We Deserve More Than 10% Justice – Sammia’s Student Loan Truth | Blog
June 10, 2020
Twenty years ago, Sammia Pratt enrolled at Florida Metropolitan University, which later became the Corinthian-owned Everest University. Sammia was interested in the flexibility offered by their new online courses. The school assured her that she could get an associate degree and transfer back to University of Central Florida, where she had already started her education. But it was all a lie. Decades after being scammed by the for-profit school, Sammia is still fighting to get full loan cancellation. Her borrower defense application was recently granted, but the Department of Education discharged only 10 percent of her loan. She represents thousands of others in her situation as the lead plaintiff in Pratt v. DeVos.
This is her story.
What made you decide to attend FMU/Everest?
I needed something flexible. I was a working student with a couple of jobs at a time, also trying to balance out schoolwork. While I was enrolled at University of Central Florida, there were certain classes that weren’t available at the times I could be there. FMU offered similar credits at better times and online options, so I enrolled in a couple of their classes, with the intention of transferring back to UCF. I thought it was going to be a good option for me to juggle my schoolwork and a job.
What was your experience like at FMU/Everest? How did you go from a couple classes to getting an associate degree?
When I enrolled in the program, an administrator told me that transferring my credits would be easy and that accreditation was forthcoming. They suggested I work on getting an associate degree, and transfer that degree as a whole to UCF instead of just certain credits.
The problem was when I tried to transfer the credits back to UCF, they wouldn’t take them. They didn’t care about the associate degree I had gotten. Everything I had worked on was completely worthless.
What was the process of finding a job with this degree like?
The recruiter had told me that in their career development programs, students would work alongside major companies in the area. We’d be going to class, and building our resumes, and we’d have our pick of available opportunities with these companies. They made us think that they had actual career development programs and that we were positioned to get a good job, when in reality none of that actually existed.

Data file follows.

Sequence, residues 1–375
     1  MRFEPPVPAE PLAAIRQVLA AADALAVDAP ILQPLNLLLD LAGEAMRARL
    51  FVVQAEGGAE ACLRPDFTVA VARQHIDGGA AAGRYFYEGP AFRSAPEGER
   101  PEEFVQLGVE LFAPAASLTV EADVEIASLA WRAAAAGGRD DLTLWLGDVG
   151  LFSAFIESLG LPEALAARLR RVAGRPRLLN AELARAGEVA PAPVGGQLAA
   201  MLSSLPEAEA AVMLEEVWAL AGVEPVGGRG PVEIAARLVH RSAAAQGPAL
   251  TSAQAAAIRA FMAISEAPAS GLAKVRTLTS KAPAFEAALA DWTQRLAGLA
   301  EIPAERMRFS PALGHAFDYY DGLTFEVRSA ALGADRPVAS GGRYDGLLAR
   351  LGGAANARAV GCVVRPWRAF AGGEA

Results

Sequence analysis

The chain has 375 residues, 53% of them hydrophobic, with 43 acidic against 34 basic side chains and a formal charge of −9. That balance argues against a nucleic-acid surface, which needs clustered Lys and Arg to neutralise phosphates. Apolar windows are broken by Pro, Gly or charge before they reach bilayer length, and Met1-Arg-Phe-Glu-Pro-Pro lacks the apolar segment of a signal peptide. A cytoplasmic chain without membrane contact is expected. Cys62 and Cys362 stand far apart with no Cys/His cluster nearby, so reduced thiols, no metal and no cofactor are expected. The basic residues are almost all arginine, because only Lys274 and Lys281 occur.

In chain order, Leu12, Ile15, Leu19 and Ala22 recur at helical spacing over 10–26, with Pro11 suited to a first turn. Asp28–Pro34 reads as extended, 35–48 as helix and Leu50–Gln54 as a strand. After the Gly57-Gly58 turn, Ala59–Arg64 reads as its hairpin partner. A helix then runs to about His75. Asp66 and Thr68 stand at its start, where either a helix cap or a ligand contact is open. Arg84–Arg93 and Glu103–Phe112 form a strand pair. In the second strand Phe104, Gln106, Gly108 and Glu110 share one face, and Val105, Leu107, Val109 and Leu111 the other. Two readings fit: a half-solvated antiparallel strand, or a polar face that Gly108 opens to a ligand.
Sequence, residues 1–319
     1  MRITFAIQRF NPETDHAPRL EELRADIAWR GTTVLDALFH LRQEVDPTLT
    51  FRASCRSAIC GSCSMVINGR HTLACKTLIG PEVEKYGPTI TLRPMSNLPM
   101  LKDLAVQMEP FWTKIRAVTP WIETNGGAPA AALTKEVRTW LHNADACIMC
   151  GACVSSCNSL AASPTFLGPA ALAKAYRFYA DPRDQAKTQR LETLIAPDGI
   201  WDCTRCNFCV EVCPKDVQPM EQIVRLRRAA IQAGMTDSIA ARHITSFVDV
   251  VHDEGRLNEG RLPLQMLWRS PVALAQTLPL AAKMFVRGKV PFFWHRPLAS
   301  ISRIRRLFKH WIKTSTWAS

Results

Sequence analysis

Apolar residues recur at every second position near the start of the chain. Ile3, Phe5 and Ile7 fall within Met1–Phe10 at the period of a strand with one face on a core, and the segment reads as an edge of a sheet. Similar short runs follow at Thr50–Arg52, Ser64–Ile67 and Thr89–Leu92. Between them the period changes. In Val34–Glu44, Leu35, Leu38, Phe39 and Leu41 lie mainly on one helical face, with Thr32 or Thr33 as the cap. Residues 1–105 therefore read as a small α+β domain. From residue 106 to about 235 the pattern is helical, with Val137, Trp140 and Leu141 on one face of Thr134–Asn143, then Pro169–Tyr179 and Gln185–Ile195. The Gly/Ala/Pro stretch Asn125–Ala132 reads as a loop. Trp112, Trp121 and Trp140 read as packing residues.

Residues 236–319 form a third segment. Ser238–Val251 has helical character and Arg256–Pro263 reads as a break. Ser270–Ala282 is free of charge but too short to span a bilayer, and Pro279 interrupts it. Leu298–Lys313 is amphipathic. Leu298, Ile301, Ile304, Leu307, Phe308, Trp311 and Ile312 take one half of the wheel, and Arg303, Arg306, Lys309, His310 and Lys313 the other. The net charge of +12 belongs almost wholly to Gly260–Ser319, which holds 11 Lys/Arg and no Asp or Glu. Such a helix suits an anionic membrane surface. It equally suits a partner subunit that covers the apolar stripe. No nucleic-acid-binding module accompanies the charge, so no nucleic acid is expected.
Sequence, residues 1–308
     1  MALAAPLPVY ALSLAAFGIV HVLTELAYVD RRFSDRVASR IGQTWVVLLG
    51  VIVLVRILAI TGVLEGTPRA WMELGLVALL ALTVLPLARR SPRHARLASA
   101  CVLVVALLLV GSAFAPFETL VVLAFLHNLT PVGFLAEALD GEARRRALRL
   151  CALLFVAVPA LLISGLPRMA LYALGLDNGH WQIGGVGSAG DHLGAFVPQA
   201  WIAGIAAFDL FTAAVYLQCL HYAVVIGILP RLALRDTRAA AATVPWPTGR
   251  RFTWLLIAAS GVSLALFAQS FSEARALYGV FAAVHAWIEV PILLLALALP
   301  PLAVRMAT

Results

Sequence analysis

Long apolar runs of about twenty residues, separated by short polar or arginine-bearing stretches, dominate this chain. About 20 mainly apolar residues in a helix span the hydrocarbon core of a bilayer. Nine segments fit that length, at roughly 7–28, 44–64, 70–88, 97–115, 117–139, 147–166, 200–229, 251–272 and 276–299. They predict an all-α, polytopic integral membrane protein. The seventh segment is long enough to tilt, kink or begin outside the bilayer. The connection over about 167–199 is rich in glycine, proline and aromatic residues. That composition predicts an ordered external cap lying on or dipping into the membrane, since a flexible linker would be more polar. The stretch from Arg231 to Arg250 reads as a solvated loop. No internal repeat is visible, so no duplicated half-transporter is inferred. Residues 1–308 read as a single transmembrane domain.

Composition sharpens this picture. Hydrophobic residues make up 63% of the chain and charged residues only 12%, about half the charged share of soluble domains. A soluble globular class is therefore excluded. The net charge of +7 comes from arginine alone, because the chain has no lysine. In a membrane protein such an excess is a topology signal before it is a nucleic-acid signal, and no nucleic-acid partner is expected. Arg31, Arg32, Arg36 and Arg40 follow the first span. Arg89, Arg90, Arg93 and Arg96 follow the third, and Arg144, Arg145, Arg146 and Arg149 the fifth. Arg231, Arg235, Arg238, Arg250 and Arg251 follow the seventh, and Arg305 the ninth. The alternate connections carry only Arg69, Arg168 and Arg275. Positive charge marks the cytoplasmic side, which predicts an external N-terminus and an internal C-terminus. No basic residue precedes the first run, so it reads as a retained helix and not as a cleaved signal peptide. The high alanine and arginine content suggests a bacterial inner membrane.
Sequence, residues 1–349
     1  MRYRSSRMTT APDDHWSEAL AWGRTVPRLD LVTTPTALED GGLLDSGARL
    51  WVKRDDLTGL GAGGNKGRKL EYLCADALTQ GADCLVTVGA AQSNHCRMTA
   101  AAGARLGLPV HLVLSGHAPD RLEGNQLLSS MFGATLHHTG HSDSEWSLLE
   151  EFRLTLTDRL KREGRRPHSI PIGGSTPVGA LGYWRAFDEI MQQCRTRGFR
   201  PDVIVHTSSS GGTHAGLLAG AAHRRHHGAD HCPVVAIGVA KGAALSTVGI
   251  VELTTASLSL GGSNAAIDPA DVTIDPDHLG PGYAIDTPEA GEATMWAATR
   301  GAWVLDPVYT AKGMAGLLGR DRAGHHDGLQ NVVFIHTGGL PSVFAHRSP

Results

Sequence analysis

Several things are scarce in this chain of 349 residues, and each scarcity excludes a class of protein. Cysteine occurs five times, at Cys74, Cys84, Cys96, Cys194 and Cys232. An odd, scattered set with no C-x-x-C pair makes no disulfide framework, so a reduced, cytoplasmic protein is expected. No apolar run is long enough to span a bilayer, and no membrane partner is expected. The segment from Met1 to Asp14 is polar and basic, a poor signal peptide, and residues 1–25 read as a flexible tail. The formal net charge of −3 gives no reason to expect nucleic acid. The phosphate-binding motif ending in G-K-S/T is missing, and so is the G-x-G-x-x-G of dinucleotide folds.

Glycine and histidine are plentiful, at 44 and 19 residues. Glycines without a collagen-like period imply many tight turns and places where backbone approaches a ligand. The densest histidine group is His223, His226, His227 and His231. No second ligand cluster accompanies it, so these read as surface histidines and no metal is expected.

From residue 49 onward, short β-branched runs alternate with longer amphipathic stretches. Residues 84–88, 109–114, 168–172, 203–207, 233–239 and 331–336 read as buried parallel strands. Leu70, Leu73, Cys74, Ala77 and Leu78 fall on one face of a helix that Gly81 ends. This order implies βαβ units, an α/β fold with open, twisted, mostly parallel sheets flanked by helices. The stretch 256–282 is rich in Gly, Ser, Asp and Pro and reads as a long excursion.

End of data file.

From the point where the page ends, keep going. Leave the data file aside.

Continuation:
Once I graduated, I realized how big of a scam this school really was. No one would take me seriously. It was embarrassing because I spent all this time trying to get a degree and now, I was spending my time trying to justify this degree just to get any job.
How did you overcome such a major setback?
Luckily, I knew that I was someone who was motivated enough to succeed despite my experience. I grew up poor and I knew the only way to get out of the cycle was to get a degree and get a job. That’s what I was always focused on. So, I started working at every major temp agency around Orlando and just started working 2-3 jobs at a time, regardless of whether they related to my degree or not. I was just trying to get any experience I could.
What would you want people to learn from your experience with a for-profit college?
When you’re that young, you don’t know what you don’t know. I was the first in my family to go to college. There’s so little information out there about how these schools work and what their priorities are. People should know that there are other options for an affordable education. And the government should be doing more to hold these schools accountable. They are ruining people’s lives with their lies.
Based on the Department of Education’s new partial relief formula, they recently said you will get just 10% of your Everest debts cancelled. How did that make you feel?
It’s insulting. The government acknowledged that I was defrauded and that I was scammed and yet I only got 10% relief. I had to go through extraordinary measures to get myself through this experience and it didn’t have to be this way. I was lied to at every turn about the classes and credits, the opportunities, the financial aid. Students deserve better. We deserve more than 10% justice. Especially when that percent is based on a ridiculous formula that makes no logical sense.
Finally, what motivated you to speak out and become a plaintiff in the lawsuit against the Department of Education, challenging its partial relief formula?
I’ve spent years advocating on my own behalf. When I came out of school I had all this debt, but I couldn’t just stop paying and go into a deeper hole financially. I had to fight. Stopping is not an option for me. Giving up is not an option for me. So, this lawsuit gives me an opportunity to share my story and continue to fight for justice for myself and for everyone else who might be in a similar situation.